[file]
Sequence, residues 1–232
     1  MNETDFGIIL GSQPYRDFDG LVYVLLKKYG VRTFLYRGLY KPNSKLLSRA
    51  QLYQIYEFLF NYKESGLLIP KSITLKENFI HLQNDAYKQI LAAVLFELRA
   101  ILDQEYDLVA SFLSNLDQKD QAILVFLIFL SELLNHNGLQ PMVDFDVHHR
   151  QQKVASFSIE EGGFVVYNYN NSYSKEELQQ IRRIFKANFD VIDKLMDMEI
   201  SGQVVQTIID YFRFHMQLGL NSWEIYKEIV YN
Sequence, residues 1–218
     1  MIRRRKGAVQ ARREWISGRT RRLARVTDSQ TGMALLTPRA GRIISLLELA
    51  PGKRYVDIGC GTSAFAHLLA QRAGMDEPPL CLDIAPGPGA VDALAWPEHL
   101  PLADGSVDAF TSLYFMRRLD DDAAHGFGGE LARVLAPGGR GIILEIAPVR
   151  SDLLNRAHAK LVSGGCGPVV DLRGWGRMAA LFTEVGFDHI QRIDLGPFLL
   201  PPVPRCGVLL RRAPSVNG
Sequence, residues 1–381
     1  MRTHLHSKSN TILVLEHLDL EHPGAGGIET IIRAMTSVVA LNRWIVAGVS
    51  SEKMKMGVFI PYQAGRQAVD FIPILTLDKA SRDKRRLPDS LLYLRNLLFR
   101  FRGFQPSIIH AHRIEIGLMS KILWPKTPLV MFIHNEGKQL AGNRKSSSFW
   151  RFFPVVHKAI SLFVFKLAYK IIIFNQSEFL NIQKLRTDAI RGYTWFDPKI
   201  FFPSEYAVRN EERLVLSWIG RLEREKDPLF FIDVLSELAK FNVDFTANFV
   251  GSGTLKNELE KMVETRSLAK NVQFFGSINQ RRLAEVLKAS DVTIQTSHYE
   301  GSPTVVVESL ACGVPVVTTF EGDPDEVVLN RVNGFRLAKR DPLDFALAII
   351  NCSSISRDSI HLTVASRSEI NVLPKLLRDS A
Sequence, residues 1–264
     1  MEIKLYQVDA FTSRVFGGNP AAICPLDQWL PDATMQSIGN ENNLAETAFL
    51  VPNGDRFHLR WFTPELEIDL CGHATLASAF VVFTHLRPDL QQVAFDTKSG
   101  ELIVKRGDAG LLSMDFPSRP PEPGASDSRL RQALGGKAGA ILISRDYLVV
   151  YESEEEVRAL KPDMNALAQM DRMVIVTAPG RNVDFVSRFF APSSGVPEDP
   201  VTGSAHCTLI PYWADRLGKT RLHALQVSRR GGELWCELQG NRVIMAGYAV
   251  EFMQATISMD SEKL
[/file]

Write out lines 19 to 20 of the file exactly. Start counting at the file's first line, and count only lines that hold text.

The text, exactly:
   251  GSGTLKNELE KMVETRSLAK NVQFFGSINQ RRLAEVLKAS DVTIQTSHYE
   301  GSPTVVVESL ACGVPVVTTF EGDPDEVVLN RVNGFRLAKR DPLDFALAII